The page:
“It’s absolutely no surprise that [Jerry’s] hard work has been rewarded by the entertainment industry,” said VIS Associate Director Chris Carman. “All of us here in the VIS department very much look forward to what his unique and exciting talents will bring to the projects lucky enough to have him involved.” 

We caught up with the recently-graduated Liu, who has been settling into his exciting internship at Laika, to talk about how the Academy prepared him for his first big break and what current students can do to get theirs too.

A look at Jerry Liu’s work from his time at the Academy. Image courtesy of Jerry Liu.

What brought you to the Academy? 

Once I decided that I wanted to become an artist, I did a lot of research about schools all over the world. The Academy was one of the top schools I found, and I thought I could learn a lot from the instructors. The Academy has a long history and a lot of amazing artists came out of the school—a lot of amazing alumni—and there are a lot of resources available.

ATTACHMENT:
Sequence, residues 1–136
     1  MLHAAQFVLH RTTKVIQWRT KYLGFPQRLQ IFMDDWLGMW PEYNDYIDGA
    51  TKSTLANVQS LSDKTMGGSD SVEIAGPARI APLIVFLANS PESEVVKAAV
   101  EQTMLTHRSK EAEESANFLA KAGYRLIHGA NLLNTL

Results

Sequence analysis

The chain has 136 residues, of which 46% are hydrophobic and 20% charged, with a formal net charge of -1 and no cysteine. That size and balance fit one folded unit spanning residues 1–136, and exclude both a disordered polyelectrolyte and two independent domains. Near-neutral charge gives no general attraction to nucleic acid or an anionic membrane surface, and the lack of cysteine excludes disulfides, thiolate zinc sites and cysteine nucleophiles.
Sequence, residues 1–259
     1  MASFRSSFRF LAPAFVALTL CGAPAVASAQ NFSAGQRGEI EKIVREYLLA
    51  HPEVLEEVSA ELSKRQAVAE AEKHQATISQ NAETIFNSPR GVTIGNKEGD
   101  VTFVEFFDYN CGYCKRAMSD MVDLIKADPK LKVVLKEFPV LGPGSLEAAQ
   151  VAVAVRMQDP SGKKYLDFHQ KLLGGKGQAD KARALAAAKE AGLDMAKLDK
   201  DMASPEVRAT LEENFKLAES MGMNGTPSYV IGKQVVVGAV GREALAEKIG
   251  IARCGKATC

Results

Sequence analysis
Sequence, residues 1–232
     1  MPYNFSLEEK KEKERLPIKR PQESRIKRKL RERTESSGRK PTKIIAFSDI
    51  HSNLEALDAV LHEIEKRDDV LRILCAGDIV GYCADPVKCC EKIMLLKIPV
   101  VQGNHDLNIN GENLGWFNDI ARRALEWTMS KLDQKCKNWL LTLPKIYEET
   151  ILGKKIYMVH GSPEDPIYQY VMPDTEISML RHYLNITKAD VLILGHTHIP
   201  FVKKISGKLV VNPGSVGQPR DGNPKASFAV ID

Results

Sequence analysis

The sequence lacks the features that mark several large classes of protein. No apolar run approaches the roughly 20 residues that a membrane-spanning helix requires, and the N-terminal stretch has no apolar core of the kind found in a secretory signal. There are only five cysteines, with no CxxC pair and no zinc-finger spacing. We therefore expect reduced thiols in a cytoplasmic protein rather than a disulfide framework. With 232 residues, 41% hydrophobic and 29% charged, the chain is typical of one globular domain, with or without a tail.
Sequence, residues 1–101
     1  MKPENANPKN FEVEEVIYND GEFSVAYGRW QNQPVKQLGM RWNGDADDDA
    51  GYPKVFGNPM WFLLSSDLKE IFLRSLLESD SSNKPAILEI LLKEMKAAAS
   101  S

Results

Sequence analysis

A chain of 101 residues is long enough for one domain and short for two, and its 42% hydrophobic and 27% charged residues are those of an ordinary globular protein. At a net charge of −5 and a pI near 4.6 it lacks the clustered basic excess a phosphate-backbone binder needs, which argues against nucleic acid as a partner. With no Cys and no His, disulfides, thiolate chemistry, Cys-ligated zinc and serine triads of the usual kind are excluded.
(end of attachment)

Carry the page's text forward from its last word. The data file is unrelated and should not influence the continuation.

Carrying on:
How did the opportunity to intern at Laika come about? 

After graduation, I started looking for job opportunities online. Laika is definitely my dream company, of course. So, throughout the process, I definitely paid extra attention to the companies I love. And I saw this opportunity on their website—it fit my interests and skills so well, so I decided I would just apply. I felt so much more inspired to write the cover letter because I really felt [aligned] with the company.